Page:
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Sebastian Mendes Memorial Fund

Raised toward our $25,000 Goal
16 Donors
Project has ended
Project ended on November 30, at 02:00 PM PST
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Sebastian Mendes Memorial Fund

Video: “Sebastian Mendes at work on There is a Mirror in My Heart, a personal artistic response to the heroic actions of his grandfather, Aristides de Sousa Mendes, to rescue Jewish refugees during WWII.”


A Lasting Tribute to Sebastian Michael Mendes

Sebastian believed in curious open mindedness, passionately finding inspiration from the universe, trusting instinct and devotion to it. What matters is not failure, but trial.  - former student

Artist, sculptor, mentor, scholar, teacher, husband, father and friend Sebastian Michael Mendes died unexpectedly last April, doing what he loved: bicycling around Lake Whatcom. We miss him each and every day and are eager to channel our grief into a lasting tribute that honors Sebastian's incredible legacy.

Throughout his career as a Professor of Interdisciplinary Art and Sculpture and head of the Sculpture Studio at Western Washington University, Sebastian inspired so many students, colleagues and friends to be their best selves and pursue their passions with boundless intellectual and artistic curiosity.

Through his own intellect, curiosity, quick wit and kind heart, he had a thoughtful way of seeing the potential in all of us, and he cared deeply for humanity. He contributed far beyond the walls of his department at Western. He served on the committee that founded the Ray Wolpow Institute for Holocaust and Genocide Studies.

He exhibited his work nationally and internationally in France, Australia, New York and Germany. He traveled throughout Europe to represent his grandfather, Artistides de Sousa Mendes, a Portuguese diplomat who saved the lives of countless Jewish and non-Jewish refugees from the Nazis in WWII. He was instrumental in elevating the curriculum and in bringing international artists to campus.

Michael Gill and Sebastian Mendes at
Michel Gill and Sebastian Mendes, grandson of Aristides de Sousa Mendes attend the Los Angeles Museum of the Holocaust as it honors Portuguese Diplomat Aristides de Sousa Mendes at Los Angeles Museum of the Holocaust on January 23, 2016 in Los Angeles, California.

For these and many other reasons, the Department of Art and Art History at Western Washington University is establishing a memorial fund in his name. Your gift in Sebastian's honor will provide lasting support for the Department to fund student projects, field trips, scholarships and other activities associated with the scholarly work of Art and Sculpture students at Western, a cause near and dear to his heart.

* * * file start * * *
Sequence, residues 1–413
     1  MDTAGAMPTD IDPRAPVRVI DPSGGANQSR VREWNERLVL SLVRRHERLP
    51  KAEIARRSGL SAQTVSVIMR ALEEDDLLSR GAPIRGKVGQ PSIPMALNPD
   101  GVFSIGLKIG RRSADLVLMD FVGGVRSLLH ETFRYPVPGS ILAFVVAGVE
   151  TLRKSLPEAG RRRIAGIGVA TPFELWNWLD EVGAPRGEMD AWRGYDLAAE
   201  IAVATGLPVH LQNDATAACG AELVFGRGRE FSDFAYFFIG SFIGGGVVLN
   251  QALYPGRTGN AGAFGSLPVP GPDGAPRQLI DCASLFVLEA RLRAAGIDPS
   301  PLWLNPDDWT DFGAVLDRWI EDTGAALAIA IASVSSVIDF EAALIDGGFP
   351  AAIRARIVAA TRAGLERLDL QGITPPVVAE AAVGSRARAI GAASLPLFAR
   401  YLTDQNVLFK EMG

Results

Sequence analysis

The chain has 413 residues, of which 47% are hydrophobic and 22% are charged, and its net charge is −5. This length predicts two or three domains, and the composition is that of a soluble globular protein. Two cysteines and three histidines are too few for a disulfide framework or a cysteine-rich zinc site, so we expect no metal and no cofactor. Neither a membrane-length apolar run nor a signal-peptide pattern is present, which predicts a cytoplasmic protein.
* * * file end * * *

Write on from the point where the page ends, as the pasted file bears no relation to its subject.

Please join us today with a gift to the Sebastian Michael Mendes Memorial Fund.

Our goal is to raise $25,000 so we can endow the fund and allow it to live on in perpetuity. If we are unable to reach this goal, gifts will be put into an expendable fund to make awards available until the funds raised have been spent.

Thank you for your partnership in creating this lasting tribute to a truly amazing man.

Sebastian Mendes


A reflection by one of Sebastian's recent students

One day during my first quarter, Sebastian sat near me, while I stood isolated in the back of the room, waiting for class to end. Pulling out his phone he introduced the genre of outsider art and an artist, Adolfe Wolfli, who used text to create images.

Then he noted that Wolfli was psychologically unstable, and when I shyly gave a concerned look he quickly continued, “Not that I think you’re insane."

Which of course I thought, “Are you sure, ‘cause I’m definitely not.”

Sebastian saw something in me I did not see or expect, and said so every class I had with him. Encouragement prompted a liberating exploration. I fell in love with sculpture. Wood, bronze, even performance.

For the first time, I felt human, real. He saw my voice, and with it I saved my own life.

Sebastian believed in curious open mindedness, passionately finding inspiration from the universe, trusting instinct and devotion to it. What matters is not failure, but trial. There is no good or bad art. An unspoken truth of all educators, professors with tenure, adjuncts, technicians, assistants, friends, family, students, no matter how old… it’s little things, that change and even save lives.

Outside the wood shop one time, Sebastian asked me for a little help. He busied himself putting pipes back into a dismantled organ donated for our class to use. Putting away the last pipe, he asked what music I listened to.

When I said “everything" he paused, and asked without looking at me, “Do you dance when no one is watching?”

Without thinking, I said, “Sometimes.” He turned to me with a quiet, surprised smile.

Honoring Sebastian this spring

There will be a tribute to Sebastian at this spring’s Faculty Biennial in the Western Gallery. A short film will be shown, hopefully in conjunction with some of Sebastian’s work. We would love if you join us there!

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